The Upper Tribunal (Lands Chamber) has recently issued its decision in the case of Jackson (VO) v Canary Wharf Limited (2019) UK UT136 (LC). This was an appeal made by the Valuation Officer which in effect sought to vary the definitive decision on redevelopment, created by the Supreme Court’s decision in SJ & J Monk v Newbigin (2017).
The case involved an office building at Canary Wharf. When the tenant left the landlord immediately stripped back the office to a shell but the reconstruction wasn’t intended to take place until a new tenant was found.
The VO’s case was that the property should still attract a full value as there was no evidence of continuing the programme of works to refit the offices.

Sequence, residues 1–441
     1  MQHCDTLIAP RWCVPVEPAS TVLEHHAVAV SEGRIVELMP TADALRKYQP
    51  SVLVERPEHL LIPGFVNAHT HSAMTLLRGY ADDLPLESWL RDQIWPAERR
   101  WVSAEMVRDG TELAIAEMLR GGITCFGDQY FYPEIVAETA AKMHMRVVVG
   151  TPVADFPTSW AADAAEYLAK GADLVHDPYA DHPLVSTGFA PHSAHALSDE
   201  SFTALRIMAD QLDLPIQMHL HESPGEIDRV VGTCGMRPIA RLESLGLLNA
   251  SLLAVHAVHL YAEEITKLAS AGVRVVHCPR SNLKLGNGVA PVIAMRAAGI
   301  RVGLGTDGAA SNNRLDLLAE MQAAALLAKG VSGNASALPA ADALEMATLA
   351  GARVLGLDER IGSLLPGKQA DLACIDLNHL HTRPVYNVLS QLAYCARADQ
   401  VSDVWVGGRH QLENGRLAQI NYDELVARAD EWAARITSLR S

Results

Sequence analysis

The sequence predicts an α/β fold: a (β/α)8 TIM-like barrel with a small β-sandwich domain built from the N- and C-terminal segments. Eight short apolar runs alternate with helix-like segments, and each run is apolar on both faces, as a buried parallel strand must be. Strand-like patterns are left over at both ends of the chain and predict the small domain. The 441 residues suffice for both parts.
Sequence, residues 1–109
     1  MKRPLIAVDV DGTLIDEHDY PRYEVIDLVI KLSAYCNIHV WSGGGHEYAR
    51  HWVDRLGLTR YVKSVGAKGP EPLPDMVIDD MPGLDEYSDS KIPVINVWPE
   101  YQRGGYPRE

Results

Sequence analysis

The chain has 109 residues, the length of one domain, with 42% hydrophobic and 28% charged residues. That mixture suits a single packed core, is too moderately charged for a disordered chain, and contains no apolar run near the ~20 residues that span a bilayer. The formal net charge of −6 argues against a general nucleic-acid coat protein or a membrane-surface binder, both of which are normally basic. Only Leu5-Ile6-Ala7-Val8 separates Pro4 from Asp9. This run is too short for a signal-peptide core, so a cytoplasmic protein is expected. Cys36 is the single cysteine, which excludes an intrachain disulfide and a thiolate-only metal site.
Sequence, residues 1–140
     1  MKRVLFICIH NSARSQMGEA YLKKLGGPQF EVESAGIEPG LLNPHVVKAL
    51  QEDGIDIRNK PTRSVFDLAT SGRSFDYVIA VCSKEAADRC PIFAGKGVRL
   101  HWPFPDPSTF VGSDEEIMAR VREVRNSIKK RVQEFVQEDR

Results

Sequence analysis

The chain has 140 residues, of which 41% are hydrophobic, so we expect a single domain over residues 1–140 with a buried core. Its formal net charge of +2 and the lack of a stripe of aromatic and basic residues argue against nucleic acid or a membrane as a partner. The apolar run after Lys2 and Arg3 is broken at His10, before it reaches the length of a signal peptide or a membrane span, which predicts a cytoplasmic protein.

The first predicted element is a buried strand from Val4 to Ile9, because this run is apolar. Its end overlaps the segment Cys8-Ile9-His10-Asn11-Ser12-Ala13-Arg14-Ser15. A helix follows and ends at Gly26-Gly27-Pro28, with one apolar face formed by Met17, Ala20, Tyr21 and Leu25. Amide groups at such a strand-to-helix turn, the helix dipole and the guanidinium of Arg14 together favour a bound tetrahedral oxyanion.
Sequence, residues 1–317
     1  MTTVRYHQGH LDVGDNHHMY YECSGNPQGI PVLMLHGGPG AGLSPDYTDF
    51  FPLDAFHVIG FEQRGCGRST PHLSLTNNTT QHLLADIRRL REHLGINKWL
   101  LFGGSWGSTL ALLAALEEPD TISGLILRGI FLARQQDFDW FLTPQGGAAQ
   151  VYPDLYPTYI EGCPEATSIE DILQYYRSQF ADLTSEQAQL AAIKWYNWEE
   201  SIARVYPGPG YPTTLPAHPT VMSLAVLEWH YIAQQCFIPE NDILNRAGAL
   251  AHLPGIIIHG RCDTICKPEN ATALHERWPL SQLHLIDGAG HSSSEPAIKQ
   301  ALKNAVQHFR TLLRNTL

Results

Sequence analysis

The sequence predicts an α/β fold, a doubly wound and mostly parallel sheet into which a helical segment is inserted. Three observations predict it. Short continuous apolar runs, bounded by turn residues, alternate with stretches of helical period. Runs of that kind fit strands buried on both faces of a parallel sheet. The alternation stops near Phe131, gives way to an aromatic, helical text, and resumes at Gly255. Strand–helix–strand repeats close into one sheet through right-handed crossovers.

The crucial question was whether the office was capable of beneficial occupation which should properly be the starting point of all similar appeals.
In the Canary Wharf appeal the offices weren’t capable of beneficial occupation at the material day so couldn’t be valued with the normal rating assumption of being in a reasonable state of repair, ie closely reflecting reality.
Interestingly, the Upper Tribunal did distinguish between deliberate disrepair created by redevelopment and disrepair caused by theft but the starting point remains whether the building in its actual state at the material day is capable of beneficial occupation.
As with Monk, it is reassuring to find the hypothetical world of rating closely reflecting real world situations.